(p. 300) The other weight problem was the one that licked Trevithick at Penydarren: The tracks on which the locomotive ran were just not able to survive the tonnage traveling over them. Driving a five-ton steam locomotive over rails designed for horse-drawn carts was only slightly more sensible than driving a school bus over a bridge made of wet ice cubes. In both cases, it’s a close call whether the vehicle will skid before or after the surface collapses.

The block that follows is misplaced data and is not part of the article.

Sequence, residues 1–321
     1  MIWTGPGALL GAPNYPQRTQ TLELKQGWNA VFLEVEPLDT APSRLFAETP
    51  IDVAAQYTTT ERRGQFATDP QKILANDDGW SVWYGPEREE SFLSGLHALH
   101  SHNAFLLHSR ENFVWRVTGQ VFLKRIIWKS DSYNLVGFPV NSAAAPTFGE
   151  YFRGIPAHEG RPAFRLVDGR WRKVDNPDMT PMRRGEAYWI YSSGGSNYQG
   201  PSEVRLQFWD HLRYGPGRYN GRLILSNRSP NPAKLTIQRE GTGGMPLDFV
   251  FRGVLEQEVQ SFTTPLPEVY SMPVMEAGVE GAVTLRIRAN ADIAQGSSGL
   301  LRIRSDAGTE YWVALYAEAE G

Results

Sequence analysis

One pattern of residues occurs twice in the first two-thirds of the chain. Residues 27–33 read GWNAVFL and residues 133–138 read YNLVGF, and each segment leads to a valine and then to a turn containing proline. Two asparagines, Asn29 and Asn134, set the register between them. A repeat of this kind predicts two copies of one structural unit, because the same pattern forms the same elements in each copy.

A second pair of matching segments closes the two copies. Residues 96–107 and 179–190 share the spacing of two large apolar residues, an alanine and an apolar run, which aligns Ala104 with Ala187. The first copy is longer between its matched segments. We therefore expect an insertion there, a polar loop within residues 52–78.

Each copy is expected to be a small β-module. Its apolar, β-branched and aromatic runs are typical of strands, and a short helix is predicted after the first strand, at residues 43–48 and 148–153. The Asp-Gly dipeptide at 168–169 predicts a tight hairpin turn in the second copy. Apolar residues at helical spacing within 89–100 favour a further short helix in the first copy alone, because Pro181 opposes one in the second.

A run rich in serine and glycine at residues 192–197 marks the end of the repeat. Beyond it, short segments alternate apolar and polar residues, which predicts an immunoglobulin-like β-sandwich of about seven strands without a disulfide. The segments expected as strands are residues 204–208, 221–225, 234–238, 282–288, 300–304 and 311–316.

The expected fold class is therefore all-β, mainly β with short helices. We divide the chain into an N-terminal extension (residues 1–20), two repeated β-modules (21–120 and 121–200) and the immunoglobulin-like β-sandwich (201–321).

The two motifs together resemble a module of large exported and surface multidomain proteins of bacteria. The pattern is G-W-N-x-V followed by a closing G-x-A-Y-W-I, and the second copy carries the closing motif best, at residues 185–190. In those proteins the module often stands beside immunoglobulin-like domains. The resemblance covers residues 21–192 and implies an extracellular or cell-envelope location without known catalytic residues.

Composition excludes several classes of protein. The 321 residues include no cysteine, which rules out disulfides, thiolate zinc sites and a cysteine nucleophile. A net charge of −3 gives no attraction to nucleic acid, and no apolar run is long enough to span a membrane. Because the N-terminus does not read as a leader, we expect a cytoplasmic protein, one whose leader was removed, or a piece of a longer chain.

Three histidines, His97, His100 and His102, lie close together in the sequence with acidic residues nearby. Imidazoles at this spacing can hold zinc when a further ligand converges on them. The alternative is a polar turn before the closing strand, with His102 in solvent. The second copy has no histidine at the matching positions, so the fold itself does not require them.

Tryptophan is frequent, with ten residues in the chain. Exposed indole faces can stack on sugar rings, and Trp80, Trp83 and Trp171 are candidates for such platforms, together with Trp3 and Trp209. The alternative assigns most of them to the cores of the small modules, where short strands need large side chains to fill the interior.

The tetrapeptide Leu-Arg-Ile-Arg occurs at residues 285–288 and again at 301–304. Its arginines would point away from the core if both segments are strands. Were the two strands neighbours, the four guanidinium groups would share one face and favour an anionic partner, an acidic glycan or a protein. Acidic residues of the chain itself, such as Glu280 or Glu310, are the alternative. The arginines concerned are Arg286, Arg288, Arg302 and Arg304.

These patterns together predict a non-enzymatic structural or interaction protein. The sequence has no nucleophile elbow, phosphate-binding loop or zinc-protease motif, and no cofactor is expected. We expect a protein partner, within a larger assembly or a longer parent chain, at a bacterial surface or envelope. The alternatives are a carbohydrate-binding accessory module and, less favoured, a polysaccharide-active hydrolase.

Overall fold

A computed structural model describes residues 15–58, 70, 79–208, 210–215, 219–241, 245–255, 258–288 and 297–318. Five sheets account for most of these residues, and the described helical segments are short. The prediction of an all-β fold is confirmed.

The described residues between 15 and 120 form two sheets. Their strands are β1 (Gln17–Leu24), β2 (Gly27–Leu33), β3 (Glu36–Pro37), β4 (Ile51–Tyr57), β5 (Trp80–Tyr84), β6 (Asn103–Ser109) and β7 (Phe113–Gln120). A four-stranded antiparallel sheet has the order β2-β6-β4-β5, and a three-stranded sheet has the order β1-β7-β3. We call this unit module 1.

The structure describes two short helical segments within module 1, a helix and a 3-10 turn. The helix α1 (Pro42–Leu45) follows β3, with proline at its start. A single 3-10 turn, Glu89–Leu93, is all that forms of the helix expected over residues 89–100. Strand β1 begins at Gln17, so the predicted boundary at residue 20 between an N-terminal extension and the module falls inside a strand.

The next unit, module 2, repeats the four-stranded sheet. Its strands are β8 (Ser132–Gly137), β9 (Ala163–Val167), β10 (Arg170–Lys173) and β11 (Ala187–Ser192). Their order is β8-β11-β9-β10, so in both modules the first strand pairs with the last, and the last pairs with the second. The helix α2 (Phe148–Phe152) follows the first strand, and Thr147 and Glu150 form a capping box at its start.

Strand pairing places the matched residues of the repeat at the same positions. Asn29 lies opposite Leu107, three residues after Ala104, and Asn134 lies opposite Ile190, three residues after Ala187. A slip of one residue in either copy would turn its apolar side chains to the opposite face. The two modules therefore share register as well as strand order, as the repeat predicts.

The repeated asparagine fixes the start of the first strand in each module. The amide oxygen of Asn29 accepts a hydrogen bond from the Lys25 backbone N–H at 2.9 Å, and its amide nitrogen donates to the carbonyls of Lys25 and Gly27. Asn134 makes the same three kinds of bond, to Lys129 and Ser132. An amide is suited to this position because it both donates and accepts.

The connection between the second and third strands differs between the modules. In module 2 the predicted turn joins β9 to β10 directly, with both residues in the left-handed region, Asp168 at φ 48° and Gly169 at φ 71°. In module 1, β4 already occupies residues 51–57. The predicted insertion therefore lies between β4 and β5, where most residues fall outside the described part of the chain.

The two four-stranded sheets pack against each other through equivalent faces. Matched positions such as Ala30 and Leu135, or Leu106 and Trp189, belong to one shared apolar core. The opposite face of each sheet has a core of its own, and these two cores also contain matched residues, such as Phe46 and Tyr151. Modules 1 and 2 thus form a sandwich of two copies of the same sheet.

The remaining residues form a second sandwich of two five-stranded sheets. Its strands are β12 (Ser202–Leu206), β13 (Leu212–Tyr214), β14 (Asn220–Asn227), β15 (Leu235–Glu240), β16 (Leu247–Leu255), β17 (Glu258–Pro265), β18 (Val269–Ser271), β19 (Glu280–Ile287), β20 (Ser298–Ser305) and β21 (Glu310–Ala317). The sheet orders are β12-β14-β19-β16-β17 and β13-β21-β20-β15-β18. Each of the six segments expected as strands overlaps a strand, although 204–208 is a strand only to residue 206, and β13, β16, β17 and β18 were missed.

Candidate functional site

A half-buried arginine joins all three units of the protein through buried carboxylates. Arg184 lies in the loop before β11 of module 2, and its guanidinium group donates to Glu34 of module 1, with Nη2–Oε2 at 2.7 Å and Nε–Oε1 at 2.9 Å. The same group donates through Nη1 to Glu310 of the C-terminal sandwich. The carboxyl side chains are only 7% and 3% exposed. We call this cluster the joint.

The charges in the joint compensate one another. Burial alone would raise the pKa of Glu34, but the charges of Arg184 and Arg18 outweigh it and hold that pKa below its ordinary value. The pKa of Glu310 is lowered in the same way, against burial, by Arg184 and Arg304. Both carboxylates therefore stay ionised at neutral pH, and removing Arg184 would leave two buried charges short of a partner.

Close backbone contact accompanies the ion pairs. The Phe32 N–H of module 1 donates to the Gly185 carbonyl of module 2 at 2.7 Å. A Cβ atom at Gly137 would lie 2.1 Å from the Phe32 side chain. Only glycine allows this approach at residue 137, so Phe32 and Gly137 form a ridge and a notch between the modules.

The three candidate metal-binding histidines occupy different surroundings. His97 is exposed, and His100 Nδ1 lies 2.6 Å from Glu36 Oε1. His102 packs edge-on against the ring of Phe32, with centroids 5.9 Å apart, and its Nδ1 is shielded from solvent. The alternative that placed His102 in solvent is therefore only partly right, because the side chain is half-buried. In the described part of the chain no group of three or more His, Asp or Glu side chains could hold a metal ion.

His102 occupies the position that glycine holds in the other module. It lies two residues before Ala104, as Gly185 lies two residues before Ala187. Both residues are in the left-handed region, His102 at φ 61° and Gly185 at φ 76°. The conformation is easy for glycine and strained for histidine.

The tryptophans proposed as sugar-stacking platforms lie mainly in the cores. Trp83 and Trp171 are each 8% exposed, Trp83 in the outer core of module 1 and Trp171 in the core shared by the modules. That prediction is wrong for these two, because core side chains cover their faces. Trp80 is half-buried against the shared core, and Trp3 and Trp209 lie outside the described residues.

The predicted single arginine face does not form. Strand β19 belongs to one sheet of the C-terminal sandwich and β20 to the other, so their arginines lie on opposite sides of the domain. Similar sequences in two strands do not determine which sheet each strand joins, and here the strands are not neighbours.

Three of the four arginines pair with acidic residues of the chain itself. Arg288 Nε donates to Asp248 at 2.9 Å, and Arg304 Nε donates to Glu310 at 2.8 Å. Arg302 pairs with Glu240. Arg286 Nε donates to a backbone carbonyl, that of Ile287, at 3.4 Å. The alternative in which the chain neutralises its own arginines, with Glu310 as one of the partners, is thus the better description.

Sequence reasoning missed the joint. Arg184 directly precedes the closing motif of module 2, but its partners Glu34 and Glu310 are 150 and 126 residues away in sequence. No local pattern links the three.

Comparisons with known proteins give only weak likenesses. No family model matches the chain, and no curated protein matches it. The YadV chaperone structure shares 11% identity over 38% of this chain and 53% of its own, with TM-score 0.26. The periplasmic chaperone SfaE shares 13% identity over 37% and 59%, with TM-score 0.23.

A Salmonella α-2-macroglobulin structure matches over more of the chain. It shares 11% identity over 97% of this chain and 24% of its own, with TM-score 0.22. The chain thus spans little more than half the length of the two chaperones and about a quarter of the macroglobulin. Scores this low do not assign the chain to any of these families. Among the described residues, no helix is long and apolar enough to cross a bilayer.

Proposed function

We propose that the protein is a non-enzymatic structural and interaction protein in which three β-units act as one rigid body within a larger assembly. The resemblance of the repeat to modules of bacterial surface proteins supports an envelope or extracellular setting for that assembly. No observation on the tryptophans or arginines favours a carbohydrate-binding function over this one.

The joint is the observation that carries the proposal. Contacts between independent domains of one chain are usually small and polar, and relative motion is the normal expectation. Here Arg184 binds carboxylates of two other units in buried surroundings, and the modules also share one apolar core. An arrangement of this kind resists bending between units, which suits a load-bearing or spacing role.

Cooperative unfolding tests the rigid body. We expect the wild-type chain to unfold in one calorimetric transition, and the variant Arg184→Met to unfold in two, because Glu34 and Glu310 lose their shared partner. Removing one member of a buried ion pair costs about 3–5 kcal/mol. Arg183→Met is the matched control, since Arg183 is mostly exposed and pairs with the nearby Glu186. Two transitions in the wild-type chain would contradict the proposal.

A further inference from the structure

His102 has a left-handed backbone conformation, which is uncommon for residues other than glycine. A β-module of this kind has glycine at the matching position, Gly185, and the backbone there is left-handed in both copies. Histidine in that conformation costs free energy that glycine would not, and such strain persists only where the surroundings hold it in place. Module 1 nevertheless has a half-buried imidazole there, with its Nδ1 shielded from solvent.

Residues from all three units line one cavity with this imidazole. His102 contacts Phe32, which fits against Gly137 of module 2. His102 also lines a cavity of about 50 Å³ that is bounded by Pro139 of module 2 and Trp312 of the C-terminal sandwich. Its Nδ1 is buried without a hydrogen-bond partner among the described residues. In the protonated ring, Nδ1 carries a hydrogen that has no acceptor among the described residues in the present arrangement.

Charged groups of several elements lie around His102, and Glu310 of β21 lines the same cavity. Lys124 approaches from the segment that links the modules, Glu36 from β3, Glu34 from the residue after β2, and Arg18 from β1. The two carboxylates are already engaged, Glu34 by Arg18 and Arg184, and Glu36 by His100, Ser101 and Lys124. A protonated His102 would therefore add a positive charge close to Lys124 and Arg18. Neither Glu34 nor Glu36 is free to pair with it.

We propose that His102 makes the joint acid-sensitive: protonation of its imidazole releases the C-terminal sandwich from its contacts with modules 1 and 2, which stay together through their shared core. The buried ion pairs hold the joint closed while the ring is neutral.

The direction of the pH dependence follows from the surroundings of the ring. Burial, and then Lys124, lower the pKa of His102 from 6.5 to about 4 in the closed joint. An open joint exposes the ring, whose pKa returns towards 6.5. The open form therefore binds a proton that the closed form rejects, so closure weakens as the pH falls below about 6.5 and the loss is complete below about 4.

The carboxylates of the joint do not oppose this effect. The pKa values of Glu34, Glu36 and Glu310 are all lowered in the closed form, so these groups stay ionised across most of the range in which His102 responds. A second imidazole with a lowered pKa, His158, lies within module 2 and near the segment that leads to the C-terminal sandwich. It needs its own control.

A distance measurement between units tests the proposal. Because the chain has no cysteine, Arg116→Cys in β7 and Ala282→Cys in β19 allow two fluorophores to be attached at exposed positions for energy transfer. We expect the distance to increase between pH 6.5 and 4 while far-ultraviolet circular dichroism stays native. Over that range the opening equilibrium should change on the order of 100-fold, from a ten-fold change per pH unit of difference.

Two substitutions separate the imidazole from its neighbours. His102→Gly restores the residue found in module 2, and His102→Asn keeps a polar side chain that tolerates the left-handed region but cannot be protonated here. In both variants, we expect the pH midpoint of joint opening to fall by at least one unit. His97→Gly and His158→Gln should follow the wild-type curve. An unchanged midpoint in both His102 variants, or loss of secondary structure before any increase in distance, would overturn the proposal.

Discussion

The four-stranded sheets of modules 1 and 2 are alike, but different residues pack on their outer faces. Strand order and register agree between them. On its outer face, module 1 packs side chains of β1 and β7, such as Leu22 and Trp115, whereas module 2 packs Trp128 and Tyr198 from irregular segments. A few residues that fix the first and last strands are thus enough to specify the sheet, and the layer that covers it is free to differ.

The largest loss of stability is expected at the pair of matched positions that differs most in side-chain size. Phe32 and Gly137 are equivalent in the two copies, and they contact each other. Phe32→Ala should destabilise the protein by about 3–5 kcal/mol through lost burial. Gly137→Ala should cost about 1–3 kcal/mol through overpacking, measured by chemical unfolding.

. . .
(p. 301) Two years later, Stephenson, in collaboration with the ironmonger William Losh of Newcastle, produced, and in September 1816 jointly patented, a series of’ improvements in wheels, suspension, and–most important–the method by which the rails and “chairs” connected one piece of track to another. Stephenson’s rails seem mundane next to better-known eureka moments, but as much as any other innovation of the day they underline the importance of such micro-inventions in the making of a revolution. For it was the rails that finally made the entire network of devices–engine, linkage, wheel, and track–work.
Rosen, William. The Most Powerful Idea in the World: A Story of Steam, Industry, and Invention. New York: Random House, 2010.
(Note: ellipsis added.)